tMichaelB is the web site for Tom Bengtson, who writes about business, religion, family and politics.

Friday, September 16, 2005

Gergen on Leadership

I got an interesting lesson in leadership this summer during a seminar I attended at Georgetown University in Washington, D.C. About 350 people from across the country gathered in the church-like Gaston Hall of the Healy Building at the center of the Georgetown campus in mid-June to listen to David Gergen, an advisor to presidents Nixon, Ford, Reagan and Clinton.

“Leadership is about mobilizing people in the pursuit of joint goals,” he said, commenting that too many organizations are over-managed and under-led. “That means you are going to have to have a relationship with those people… There’s the leader, the followers and the goal. You’ve got to get those three in alignment.”

Gergen, an editor at large for U.S. News & World Report and director of the Center for Public Leadership at the John F. Kennedy School of Government at Harvard University, spoke extemporaneously about the three qualities he said leaders need: ambition, capacity and character.

“All the presidents and great leaders I know share one attribute: they are all ambitious,” Gergen said. “Ambition is important in a leader; you have got to want to leave your mark, leave your imprint. The question, of course, is ambition for what?” The great leaders, he said, start out ambitious for themselves, but as they obtain important positions, they shift that ambition to others. Their ambition is no longer for their own greatness, but for the greatness of those they are leading, Gergen said.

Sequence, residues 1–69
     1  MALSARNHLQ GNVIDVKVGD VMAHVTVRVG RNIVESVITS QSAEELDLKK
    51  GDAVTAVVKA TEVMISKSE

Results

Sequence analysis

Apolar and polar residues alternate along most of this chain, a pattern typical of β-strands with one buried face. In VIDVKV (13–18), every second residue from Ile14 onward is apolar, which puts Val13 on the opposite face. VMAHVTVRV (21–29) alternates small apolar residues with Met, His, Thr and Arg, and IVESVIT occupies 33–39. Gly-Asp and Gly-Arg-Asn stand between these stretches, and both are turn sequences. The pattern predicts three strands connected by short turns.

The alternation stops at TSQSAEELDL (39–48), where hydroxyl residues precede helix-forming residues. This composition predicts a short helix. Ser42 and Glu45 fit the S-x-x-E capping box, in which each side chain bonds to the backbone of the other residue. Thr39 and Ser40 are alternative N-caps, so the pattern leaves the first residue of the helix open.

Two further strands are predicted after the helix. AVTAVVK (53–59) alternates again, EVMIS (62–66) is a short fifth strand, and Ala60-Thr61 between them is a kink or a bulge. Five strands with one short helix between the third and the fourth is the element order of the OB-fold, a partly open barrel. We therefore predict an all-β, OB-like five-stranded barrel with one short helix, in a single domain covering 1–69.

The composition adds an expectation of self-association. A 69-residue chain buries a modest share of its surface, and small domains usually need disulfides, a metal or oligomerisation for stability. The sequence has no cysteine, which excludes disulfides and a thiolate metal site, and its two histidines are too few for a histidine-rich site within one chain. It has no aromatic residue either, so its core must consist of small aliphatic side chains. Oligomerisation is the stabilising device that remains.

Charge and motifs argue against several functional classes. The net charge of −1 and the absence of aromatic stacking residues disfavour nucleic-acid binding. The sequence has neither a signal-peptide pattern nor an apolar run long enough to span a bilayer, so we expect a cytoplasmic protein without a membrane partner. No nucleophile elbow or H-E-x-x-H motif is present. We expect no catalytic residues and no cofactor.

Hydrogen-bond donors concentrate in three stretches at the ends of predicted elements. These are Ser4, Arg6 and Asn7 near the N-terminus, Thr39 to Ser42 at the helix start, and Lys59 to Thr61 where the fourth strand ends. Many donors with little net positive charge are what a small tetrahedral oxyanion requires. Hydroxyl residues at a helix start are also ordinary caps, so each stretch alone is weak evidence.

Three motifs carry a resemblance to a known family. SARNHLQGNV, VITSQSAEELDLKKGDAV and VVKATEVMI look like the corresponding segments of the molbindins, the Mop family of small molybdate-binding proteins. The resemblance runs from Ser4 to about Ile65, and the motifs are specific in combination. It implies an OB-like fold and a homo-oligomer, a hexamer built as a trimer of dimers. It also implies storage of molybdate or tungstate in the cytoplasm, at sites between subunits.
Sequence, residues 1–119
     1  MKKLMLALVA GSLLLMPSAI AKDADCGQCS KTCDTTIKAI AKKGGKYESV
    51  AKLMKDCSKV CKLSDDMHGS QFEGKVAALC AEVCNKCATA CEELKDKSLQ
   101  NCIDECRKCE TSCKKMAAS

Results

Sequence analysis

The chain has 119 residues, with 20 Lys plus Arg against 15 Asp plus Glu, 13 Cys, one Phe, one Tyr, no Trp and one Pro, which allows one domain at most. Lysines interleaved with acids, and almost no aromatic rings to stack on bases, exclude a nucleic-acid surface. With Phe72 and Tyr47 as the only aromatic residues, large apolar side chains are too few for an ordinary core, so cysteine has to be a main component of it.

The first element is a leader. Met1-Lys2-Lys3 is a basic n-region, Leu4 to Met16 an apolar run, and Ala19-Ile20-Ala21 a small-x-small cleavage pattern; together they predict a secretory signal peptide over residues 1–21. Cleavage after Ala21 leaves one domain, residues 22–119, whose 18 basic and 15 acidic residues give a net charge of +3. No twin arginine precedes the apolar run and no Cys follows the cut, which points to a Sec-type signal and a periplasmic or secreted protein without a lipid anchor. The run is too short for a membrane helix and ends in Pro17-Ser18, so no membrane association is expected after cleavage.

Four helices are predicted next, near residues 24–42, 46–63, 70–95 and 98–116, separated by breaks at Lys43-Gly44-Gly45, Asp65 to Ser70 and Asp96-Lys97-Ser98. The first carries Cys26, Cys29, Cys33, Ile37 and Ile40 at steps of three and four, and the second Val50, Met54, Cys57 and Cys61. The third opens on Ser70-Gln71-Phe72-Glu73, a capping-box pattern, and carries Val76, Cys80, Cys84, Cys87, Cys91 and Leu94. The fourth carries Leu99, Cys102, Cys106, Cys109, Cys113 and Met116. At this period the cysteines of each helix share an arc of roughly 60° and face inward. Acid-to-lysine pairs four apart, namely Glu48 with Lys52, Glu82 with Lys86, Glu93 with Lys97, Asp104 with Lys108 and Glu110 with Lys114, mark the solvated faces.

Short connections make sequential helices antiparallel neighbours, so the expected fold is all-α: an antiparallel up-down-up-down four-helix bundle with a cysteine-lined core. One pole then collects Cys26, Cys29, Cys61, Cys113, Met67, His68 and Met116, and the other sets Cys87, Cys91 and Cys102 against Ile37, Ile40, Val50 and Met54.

Great leaders have a large capacity for knowledge, Gergen continued. Leaders are genuinely curious and want to learn. Nixon learned by traveling; Clinton was a voracious reader. Drawing on examples from history, Gergen said Winston Churchill and Franklin Roosevelt also were big readers. Gergen quoted Harry Truman, who said: “Not every reader is a leader, but ever leader is a reader.”

Although Presidents Nixon and Clinton were ambitious and had great capacity, they suffered for lack of character. Nixon’s dark side prevented him from achieving the greatness he was capable of; Clinton’s character flaws held him back as well.

“The one president who surprised everyone, including me, with his ability as a leader, who brought these three abilities together in a nice balance was Ronald Reagan,” Gergen said. “He was the best leader we’ve had since Roosevelt… You can disagree with his policies, but his capacity to mobilize others in pursuit of shared goals, you have to say Reagan was a very good leader.

“Reagan was ambitious but not overly ambitious… He was not as bright as Nixon or Clinton, but he was good enough,” Gergen explained. “Reagan was a well-anchored person, who was comfortable with himself. He had his gyroscope. He had a sense of direction about his life, a sense of purpose. He had the character that made him a really great leader.

“To be a leader, you have to know who you are. You have to be ambitious and you have to master your emotional side, master the difficult things. You can’t be a leader of others until you can lead yourself.”

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